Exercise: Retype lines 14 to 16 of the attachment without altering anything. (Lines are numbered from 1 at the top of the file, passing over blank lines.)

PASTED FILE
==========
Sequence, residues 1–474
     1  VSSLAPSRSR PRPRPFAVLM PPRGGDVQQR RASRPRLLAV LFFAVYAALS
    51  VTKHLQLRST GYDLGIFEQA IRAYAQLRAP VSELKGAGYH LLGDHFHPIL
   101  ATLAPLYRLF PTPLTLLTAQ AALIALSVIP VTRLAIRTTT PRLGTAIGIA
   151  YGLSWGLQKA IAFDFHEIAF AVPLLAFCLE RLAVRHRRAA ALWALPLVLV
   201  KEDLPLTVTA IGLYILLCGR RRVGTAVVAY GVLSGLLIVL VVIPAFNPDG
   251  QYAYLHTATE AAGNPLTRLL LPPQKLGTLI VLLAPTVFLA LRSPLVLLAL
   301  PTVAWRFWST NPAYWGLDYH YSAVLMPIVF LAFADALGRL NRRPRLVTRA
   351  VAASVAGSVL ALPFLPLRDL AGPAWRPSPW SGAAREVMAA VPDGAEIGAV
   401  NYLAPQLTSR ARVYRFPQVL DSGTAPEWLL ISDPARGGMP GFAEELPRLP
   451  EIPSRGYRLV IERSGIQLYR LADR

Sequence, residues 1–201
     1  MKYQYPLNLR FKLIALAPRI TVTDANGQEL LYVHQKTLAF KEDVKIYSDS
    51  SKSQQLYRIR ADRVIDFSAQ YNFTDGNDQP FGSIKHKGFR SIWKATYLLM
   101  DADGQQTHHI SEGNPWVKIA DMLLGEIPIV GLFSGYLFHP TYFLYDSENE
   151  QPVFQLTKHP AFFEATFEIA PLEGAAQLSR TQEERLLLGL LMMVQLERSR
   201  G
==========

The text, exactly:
    51  SKSQQLYRIR ADRVIDFSAQ YNFTDGNDQP FGSIKHKGFR SIWKATYLLM
   101  DADGQQTHHI SEGNPWVKIA DMLLGEIPIV GLFSGYLFHP TYFLYDSENE
   151  QPVFQLTKHP AFFEATFEIA PLEGAAQLSR TQEERLLLGL LMMVQLERSR